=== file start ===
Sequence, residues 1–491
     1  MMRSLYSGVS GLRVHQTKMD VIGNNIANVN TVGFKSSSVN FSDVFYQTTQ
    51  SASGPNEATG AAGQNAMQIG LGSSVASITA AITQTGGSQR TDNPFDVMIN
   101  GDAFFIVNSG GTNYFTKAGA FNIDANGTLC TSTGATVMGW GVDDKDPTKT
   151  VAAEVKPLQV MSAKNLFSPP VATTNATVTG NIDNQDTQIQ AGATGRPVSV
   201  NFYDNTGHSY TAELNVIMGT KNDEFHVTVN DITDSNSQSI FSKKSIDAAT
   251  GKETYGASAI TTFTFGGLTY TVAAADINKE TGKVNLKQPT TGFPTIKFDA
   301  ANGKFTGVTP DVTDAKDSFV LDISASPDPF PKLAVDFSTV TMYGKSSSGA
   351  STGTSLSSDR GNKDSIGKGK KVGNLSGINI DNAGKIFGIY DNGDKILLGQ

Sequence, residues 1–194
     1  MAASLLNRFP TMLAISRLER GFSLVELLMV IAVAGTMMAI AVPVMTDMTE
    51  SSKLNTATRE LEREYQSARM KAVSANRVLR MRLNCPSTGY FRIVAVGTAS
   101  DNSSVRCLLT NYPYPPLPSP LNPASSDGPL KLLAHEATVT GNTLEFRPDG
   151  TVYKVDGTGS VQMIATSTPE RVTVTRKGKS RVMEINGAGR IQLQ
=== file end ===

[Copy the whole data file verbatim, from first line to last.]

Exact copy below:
Sequence, residues 1–491
     1  MMRSLYSGVS GLRVHQTKMD VIGNNIANVN TVGFKSSSVN FSDVFYQTTQ
    51  SASGPNEATG AAGQNAMQIG LGSSVASITA AITQTGGSQR TDNPFDVMIN
   101  GDAFFIVNSG GTNYFTKAGA FNIDANGTLC TSTGATVMGW GVDDKDPTKT
   151  VAAEVKPLQV MSAKNLFSPP VATTNATVTG NIDNQDTQIQ AGATGRPVSV
   201  NFYDNTGHSY TAELNVIMGT KNDEFHVTVN DITDSNSQSI FSKKSIDAAT
   251  GKETYGASAI TTFTFGGLTY TVAAADINKE TGKVNLKQPT TGFPTIKFDA
   301  ANGKFTGVTP DVTDAKDSFV LDISASPDPF PKLAVDFSTV TMYGKSSSGA
   351  STGTSLSSDR GNKDSIGKGK KVGNLSGINI DNAGKIFGIY DNGDKILLGQ

Sequence, residues 1–194
     1  MAASLLNRFP TMLAISRLER GFSLVELLMV IAVAGTMMAI AVPVMTDMTE
    51  SSKLNTATRE LEREYQSARM KAVSANRVLR MRLNCPSTGY FRIVAVGTAS
   101  DNSSVRCLLT NYPYPPLPSP LNPASSDGPL KLLAHEATVT GNTLEFRPDG
   151  TVYKVDGTGS VQMIATSTPE RVTVTRKGKS RVMEINGAGR IQLQ